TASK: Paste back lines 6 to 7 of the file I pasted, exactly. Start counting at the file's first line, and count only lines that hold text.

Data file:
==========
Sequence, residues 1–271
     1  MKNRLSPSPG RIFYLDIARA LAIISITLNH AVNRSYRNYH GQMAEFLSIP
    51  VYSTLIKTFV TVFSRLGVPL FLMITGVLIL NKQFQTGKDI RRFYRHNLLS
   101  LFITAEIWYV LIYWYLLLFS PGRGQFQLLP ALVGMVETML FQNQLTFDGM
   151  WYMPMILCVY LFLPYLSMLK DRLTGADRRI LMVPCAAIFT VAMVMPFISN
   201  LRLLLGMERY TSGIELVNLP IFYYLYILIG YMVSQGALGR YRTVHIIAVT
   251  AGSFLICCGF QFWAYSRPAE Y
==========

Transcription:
   201  LRLLLGMERY TSGIELVNLP IFYYLYILIG YMVSQGALGR YRTVHIIAVT
   251  AGSFLICCGF QFWAYSRPAE Y